Thursday, August 25, 2011

A Catch-All Group of Indus Signs


Detail from seal C-16 with inscription: POTTED ONE / 3 QUOTES / BI-FORK TOPPED HAIR PICK.

I begin this post with the last of the Indus signs that are drawn with 13 strokes: BI-FORK TOPPED HAIR PICK (XIII 25).  In the literature it is enumerated KP306, W541 (as a variant), and Fs G-20.  Fairservis sees it as depicting a stockade, with the associated meaning “boundary; stockade.”  It is relatively rare, occurring 12 times, 7 of these from Mohenjo daro, 2 from Lothal, and 1 apiece from Harappa, Kalibangan, and Chanhujo daro.
Proto-cuneiform sign UBI~c, "a marine and fluvial fish."

This peculiar symbol vaguely resembles the proto-cuneiform sign UBI~c, which came to mean “a marine and fluvial fish.”  Neither the Indus sign nor the proto-cuneiform one resembles a depiction of a fish, though.
Egyptian hieroglyphs M8, "lotus pool" (above) and M20, "marsh" (below).

Perhaps a better comparison is to Egyptian, where the hieroglyphs M8 and M20 depict plant life.  The former represents a pool with lotus flowers growing out of it, which serves as an ideograph in š3, “lotus pool, meadow,” and as a phonetic biliteral š3 in “appoint, command” (Gardiner 1976: 480).  The second glyph, M20, depicts reeds growing side by side, the ideograph or determinative in sxt, “marshland, country” (1976: 481; the “x” replacing the “h” with a scoop underneath).
Swastika design on seal Mr-14 from Mehrgarh.

At this point, before beginning the discussion of 14-stroke signs, I will return to simpler figures, briefly.  I previously skipped two symbols that are commonly left out of lists.  They should be mentioned, though, as their status as signs is possible, though far from assured.  The first of these is the fylfot or SWASTIKA (VI 82).  It does not appear in the lists presented by Wells, Fairservis, or Koskenniemi and Parpola.  However, Mahadevan does apparently include it (M148).  Usually the swastika appears on Indus seals that contain no inscription (as does a cross or “X”) with or without additional decorative elements. 
Swastika design on stamp seal from Altyn Depe, identical to many from Indus Valley (Masson 1981: Pl. XXII, no. 1b). 

Such is the case on most of the following: M332-348 (17 seals with no inscription), M419F (on one end of a cylinder seal), M435 (seal with no inscription), M443A (bas-relief tablet with “endless knot” on side B), M-482 (bas-relief tablet after inscription and plant), M-488A (bas-relief tablet among icons), M-1225B (seal with inscription and icon on side A), M-1238-1251 (14 seals with no inscription), M-1389A (round tablet with no inscription); H-104-118 (15 seals with no inscription), H-182B (bas-relief tablet, repeated five times following inscription that also appears on side A with iconic animal), H-242 (bas-relief circular tablet, in center, circled by inscription), H616-629 (14 seals with no inscription); Rhd-150 (pot shard); Mr-14 (seal with no inscription from Early Harappan Period VII); L-69-73 (5 seals with no inscription), possibly L-258 (pot shard); and on two seals of uncertain provenance (Q-1 and Q-2, with no inscription).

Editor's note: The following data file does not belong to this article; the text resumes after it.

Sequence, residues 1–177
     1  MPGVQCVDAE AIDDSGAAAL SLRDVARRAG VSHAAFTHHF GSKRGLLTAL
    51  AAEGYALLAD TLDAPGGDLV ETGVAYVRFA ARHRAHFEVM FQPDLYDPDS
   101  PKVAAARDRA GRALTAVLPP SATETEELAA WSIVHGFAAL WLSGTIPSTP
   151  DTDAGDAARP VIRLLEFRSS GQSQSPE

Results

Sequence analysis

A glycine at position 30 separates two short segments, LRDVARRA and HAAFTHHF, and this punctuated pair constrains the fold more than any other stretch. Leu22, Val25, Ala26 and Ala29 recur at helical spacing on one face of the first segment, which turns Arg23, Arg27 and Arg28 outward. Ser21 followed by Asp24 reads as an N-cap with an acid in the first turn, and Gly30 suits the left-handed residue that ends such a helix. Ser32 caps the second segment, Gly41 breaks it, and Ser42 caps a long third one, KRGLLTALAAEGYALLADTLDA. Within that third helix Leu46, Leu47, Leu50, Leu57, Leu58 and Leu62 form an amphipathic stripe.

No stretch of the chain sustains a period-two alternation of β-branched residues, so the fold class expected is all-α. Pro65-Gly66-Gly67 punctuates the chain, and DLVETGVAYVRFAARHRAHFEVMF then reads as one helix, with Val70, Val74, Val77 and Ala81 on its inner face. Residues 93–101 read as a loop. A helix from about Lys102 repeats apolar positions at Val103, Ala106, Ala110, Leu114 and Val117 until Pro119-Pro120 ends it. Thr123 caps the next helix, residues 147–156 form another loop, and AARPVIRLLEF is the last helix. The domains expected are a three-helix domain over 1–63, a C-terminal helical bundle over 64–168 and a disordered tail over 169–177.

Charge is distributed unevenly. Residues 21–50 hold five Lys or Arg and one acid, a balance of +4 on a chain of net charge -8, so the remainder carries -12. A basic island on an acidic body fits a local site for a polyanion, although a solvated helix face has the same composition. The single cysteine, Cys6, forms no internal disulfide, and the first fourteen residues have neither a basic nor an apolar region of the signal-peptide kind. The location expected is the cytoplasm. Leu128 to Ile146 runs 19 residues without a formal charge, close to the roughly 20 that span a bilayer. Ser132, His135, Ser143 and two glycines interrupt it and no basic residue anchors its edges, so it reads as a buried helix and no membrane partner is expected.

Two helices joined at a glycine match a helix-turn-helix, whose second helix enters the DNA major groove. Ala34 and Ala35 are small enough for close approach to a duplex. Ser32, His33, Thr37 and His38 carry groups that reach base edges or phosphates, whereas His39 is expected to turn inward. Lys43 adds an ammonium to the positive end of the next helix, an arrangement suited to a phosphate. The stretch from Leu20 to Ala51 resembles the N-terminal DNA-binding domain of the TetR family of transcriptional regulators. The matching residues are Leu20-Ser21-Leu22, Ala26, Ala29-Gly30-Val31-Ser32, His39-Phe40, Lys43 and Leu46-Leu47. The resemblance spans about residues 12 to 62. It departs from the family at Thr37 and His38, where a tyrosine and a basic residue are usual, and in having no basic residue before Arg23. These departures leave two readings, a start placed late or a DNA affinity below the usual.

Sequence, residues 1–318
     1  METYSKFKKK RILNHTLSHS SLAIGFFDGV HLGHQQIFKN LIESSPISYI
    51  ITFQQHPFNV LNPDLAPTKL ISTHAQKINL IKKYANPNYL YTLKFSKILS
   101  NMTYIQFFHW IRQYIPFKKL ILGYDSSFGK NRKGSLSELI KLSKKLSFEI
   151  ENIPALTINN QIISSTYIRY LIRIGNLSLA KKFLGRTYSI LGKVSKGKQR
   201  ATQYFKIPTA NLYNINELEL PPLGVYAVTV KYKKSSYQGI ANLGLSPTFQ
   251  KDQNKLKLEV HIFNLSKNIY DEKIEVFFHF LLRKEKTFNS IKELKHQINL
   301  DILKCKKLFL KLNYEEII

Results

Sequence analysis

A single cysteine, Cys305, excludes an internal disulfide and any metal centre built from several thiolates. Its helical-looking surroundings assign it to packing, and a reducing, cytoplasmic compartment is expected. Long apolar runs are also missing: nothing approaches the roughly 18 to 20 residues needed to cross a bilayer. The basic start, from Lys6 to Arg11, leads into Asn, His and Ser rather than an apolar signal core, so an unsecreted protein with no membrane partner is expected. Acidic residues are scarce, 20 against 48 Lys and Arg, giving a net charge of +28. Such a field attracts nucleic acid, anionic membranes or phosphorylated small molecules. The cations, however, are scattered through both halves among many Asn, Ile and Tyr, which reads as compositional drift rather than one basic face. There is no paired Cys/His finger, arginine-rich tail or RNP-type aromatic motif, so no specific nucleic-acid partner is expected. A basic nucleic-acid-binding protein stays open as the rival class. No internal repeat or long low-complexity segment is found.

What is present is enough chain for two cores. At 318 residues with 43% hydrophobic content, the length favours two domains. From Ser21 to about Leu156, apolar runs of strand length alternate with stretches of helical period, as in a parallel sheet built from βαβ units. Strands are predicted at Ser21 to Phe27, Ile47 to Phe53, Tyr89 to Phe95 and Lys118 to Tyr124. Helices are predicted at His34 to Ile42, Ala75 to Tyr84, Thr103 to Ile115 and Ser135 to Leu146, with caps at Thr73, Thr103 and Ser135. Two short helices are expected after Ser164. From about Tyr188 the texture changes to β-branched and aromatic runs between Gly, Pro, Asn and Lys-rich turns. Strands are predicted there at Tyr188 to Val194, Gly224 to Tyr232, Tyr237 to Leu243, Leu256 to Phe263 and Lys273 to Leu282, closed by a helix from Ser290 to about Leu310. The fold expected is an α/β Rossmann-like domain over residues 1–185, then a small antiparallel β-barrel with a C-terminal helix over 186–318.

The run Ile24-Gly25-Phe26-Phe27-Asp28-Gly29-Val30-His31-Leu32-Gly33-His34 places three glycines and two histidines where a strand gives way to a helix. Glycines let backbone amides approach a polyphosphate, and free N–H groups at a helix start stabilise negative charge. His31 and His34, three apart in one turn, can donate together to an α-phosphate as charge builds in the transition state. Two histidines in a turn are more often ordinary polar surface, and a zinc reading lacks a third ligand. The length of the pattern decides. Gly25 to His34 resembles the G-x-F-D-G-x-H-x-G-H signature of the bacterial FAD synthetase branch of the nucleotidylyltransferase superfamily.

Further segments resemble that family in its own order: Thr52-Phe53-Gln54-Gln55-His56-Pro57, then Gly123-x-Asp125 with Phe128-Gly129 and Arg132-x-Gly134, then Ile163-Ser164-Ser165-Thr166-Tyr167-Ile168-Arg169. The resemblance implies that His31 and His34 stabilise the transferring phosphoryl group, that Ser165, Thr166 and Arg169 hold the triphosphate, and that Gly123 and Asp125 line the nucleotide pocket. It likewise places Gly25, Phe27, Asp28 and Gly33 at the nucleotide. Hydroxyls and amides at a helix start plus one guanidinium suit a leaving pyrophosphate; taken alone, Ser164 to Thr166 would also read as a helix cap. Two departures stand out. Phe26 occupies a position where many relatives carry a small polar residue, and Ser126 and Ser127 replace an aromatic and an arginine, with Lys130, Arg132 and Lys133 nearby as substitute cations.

A triskele or 3-armed swastika of Celtic design (Leeds 2002: Pl. III. no. 5, Greenwich, Kent).

This yields a total of 79 occurrences, of which only 3 might possibly indicate its use as a sign in an inscription.  In the case of the majority, 76 instances occur alone on a seal with no inscription, on one side of a seal or tablet where it is separated from any inscription, or among iconic rather than sign-like elements.  The remaining three occurrences are all rather dubious as signs.  On M-482, the inscription is separated from the swastika by a plant which is considerably more elaborate than the GRAIN EAR sign (and thus is likely to be an iconic element).  On H-182, the short inscription occurs on both A and B sides, with iconic or pictorial elements alongside, thus suggesting that the swastika on side B is one of the latter.  And on H-242, the circular tablet, the placement of the swastika in the center, rather than among the signs along the perimeter, again suggests that the swastika is a different type of element, i.e., an icon.  Other circular tablets generally have nothing in the center encircled by the inscription.  Thus, I would agree with Wells, Fairservis, and Koskenniemi and Parpola that the swastika is not a sign.  It is still a significant symbol, however.